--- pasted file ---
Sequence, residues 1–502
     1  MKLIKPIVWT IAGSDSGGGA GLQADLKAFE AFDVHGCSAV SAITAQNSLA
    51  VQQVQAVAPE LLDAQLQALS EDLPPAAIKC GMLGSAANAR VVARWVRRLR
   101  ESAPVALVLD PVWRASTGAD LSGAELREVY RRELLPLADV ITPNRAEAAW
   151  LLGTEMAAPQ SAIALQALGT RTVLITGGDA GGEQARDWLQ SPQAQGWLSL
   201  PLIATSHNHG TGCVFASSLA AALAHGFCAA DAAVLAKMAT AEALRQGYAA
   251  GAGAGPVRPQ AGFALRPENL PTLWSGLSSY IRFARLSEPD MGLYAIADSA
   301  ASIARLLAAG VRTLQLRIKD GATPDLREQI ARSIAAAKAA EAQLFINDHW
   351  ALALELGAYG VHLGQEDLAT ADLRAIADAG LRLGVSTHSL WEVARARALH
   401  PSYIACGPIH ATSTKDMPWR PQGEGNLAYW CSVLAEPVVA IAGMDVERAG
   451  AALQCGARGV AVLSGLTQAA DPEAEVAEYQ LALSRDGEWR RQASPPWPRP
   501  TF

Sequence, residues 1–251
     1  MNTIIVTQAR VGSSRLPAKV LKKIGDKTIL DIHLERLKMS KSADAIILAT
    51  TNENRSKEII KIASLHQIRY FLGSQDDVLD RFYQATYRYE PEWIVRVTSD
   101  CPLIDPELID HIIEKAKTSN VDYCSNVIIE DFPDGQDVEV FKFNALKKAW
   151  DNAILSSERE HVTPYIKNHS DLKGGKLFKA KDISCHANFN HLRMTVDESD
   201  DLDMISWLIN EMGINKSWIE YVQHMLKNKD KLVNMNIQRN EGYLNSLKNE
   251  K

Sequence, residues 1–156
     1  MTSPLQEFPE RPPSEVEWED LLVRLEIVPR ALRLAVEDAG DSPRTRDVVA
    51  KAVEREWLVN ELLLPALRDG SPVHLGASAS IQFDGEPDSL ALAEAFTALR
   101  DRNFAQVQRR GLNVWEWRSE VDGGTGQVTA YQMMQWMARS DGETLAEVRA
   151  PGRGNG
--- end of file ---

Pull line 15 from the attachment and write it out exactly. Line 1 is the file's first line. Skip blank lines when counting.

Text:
    51  TNENRSKEII KIASLHQIRY FLGSQDDVLD RFYQATYRYE PEWIVRVTSD